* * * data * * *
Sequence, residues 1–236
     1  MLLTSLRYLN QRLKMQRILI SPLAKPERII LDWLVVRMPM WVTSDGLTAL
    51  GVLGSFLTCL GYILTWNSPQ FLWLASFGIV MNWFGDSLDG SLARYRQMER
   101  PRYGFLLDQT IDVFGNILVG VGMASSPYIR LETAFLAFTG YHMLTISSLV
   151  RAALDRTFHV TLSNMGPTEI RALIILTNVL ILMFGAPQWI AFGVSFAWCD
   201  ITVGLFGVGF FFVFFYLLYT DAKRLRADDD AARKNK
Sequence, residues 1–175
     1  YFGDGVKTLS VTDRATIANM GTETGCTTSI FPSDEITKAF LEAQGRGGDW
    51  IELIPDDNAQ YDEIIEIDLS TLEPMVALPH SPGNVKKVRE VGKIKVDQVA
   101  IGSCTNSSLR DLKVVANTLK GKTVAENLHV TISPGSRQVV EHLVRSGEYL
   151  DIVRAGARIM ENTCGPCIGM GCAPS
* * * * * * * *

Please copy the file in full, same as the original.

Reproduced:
Sequence, residues 1–236
     1  MLLTSLRYLN QRLKMQRILI SPLAKPERII LDWLVVRMPM WVTSDGLTAL
    51  GVLGSFLTCL GYILTWNSPQ FLWLASFGIV MNWFGDSLDG SLARYRQMER
   101  PRYGFLLDQT IDVFGNILVG VGMASSPYIR LETAFLAFTG YHMLTISSLV
   151  RAALDRTFHV TLSNMGPTEI RALIILTNVL ILMFGAPQWI AFGVSFAWCD
   201  ITVGLFGVGF FFVFFYLLYT DAKRLRADDD AARKNK
Sequence, residues 1–175
     1  YFGDGVKTLS VTDRATIANM GTETGCTTSI FPSDEITKAF LEAQGRGGDW
    51  IELIPDDNAQ YDEIIEIDLS TLEPMVALPH SPGNVKKVRE VGKIKVDQVA
   101  IGSCTNSSLR DLKVVANTLK GKTVAENLHV TISPGSRQVV EHLVRSGEYL
   151  DIVRAGARIM ENTCGPCIGM GCAPS